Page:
House pushes for Trump's removal after deadly Capitol riot

By Meg Wagner, Melissa Macaya, Mike Hayes, Melissa Mahtani and Veronica Rocha, CNN

Updated 1:29 AM ET, Wed January 13, 2021
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12:44 p.m. ET, January 12, 2021

Ted Cruz's communications director resigns in wake of attack on the Capitol

From CNN's Sam Fossum

Republican Sen. Ted Cruz’s communications director has resigned in the wake of the Jan. 6 attack, according to two sources. Lauren Blair Bianchi has been Cruz’s top communications aide since July 2019.

Cruz, a Texas Republican, was one of the leading Senate GOP voice in the effort to object to electors for Joe Biden as Congress moved to certify his election as President of the United States.

Bianchi’s departure was tied to the events leading up to Jan. 6, with the attack itself serving as the final trigger to resign, the sources said. 

The resignation was first reported by Punchbowl news.

11:55 a.m. ET, January 12, 2021

US attorney in DC will investigate violence towards the media during Capitol riot

From CNN's Katelyn Polantz

Olivier Douliery/AFP/Getty Images
Olivier Douliery/AFP/Getty Images

The acting US attorney for the District of Columbia, Michael Sherwin, announced a new focus of investigating violence toward the media at the Capitol riots.

"Such violence will not be tolerated," Sherwin said in a statement.

Sherwin's office has already brought several federal criminal charges against President Trump supporters inside the Capitol that day.

Trump has repeatedly attacked the media in speeches and tweets over the years, and video of the riot captured his supported breaking press equipment from several news organizations last week. One New York Times photographer, Erin Schaff, said she was thrown to the floor by the mob until police could intervene.

"The United States Attorney’s Office invites members of the press to report any instances where a reporter, journalist, photographer, videographer, or other member of the press or broadcast media was the victim of an assault, threat, or property damage during the events of January 6 at the United States Capitol," he said.

This is what happened when Capitol mob found a CNN crew:

11:34 a.m. ET, January 12, 2021

House Rules Committee is debating bill demanding Trump's removal with 25th Amendment 

From CNN's Lauren Fox

House Rules Committee
House Rules Committee

The House Rules Committee is meeting now to begin debate on Rep. Jamie Raskin's bill urging Vice President Mike Pence to invoke the 25th Amendment to remove President Trump from office.

That debate is expected to go one to three hours, but, it could go longer. After that, the Rules panel might take a break.

Here's how the rest of the day could play out: Rules is expected to then return in the mid-afternoon to begin debating the impeachment article. This meeting is expected to stretch hours. It could go well into the evening. For context, the last impeachment Rules debate lasted about eight hours.

Around 7:30 p.m. ET, the House will begin voting on Raskin's 25th Amendment bill. They will first vote on the rule. Then, they will vote on the actual bill. Remember: Votes in the House take a while given the protocols in place for coronavirus.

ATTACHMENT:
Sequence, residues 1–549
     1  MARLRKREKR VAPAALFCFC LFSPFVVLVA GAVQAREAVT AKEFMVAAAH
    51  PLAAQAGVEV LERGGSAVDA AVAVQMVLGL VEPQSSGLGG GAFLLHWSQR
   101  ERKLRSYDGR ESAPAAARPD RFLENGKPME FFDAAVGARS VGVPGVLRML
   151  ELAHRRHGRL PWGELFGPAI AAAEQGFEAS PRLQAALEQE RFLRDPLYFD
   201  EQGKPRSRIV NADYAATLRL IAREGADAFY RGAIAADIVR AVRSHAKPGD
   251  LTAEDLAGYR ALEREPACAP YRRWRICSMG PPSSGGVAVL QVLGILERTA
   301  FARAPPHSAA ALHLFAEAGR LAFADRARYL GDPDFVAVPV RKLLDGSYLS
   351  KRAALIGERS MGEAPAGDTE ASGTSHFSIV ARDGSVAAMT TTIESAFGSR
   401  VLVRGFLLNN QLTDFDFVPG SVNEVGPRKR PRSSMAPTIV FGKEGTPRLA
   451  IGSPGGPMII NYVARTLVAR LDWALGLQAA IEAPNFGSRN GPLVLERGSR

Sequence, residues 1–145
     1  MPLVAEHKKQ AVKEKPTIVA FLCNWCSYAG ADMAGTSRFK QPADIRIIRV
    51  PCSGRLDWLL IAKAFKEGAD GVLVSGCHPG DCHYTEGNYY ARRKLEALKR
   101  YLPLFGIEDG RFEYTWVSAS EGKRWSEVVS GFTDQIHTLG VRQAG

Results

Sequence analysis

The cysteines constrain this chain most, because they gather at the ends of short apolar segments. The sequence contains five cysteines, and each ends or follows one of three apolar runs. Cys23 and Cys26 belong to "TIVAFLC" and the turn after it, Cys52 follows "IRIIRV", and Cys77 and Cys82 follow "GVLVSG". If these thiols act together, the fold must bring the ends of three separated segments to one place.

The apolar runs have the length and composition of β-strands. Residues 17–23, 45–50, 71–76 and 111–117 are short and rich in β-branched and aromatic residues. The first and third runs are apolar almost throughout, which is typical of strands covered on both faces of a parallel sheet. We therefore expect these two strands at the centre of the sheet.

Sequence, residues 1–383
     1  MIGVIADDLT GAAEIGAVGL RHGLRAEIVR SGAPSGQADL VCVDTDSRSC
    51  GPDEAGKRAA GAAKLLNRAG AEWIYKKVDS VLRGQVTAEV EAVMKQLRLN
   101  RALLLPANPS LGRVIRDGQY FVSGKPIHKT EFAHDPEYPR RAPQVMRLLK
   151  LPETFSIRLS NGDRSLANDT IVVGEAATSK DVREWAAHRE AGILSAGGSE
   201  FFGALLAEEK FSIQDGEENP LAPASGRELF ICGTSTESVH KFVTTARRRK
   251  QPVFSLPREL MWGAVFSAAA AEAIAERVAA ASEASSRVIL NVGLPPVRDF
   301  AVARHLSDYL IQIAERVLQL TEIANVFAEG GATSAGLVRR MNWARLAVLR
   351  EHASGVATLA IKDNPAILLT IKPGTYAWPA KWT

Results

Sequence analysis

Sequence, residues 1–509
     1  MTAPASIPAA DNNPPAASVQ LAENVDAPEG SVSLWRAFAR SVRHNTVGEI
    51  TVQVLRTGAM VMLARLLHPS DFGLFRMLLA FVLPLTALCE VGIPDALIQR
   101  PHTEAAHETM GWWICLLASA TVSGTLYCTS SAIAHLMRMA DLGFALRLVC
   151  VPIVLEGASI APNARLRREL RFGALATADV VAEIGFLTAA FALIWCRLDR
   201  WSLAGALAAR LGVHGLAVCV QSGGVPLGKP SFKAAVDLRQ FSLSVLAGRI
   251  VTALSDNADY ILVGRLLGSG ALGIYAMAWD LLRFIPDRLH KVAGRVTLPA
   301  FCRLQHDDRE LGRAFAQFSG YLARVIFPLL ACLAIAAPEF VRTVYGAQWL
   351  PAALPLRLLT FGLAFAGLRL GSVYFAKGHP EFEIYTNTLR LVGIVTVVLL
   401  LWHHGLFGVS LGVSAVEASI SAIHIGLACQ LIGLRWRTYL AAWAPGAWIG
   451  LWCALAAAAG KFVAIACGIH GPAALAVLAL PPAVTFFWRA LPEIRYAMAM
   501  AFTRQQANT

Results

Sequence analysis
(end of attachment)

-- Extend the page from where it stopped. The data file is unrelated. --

11:24 a.m. ET, January 12, 2021

3 House Democrats blame Covid-19 diagnosis on lawmakers who didn't wear masks while sheltering during riot 

From CNN's Clare Foran and Daniella Diaz

Three House Democrats said they tested positive for Covid-19 after sheltering in place with other members of Congress who did not wear masks during the violent attack on the US Capitol last week.

Rep. Bonnie Watson Coleman of New Jersey, Rep. Pramila Jayapal of Washington and Rep. Brad Schneider of Illinois announced their positive test results early this week.

"Following the events of Wednesday, including sheltering with several colleagues who refused to wear masks, I decided to take a Covid test. I have tested positive," Coleman tweeted Monday.

A statement from her office said that the congresswoman "believes she was exposed during protective isolation in the US Capitol building as a result of insurrectionist riots. As reported by multiple news outlets, a number of members within the space ignored instructions to wear masks."

Jayapal tweeted early Tuesday morning that she "received a positive COVID-19 test result after being locked down in a secured room at the Capitol where several Republicans not only cruelly refused to wear a mask but recklessly mocked colleagues and staff who offered them one."

CNN has previously reported that six House Republicans were captured on video refusing masks offered by a colleague during the US Capitol insurrection.

An aide told CNN that Watson Coleman was in the room in the secure location with the six conservative Republicans who refused to wear masks.

"Unfortunately, I received a positive COVID-19 test this morning following being tested yesterday on the advice of the House Attending Physician," Schneider said in a statement Tuesday.

"Last Wednesday, after narrowly escaping a violent mob incited by the President of the United States to attack the Capitol and its occupants, I was forced to spend several hours in a secure but confined location with dozens of other Members of Congress. Several Republican lawmakers in the room adamantly refused to wear a mask," the congressman said.

"Today, I am now in strict isolation, worried that I have risked my wife's health and angry at the selfishness and arrogance of the anti-maskers who put their own contempt and disregard for decency ahead of the health and safety of their colleagues and our staff. I am at least the third Member from that room paying the price, including Rep. Pramila Jayapal and Rep. Bonnie Watson Coleman, a 75-year-old cancer survivor," he said.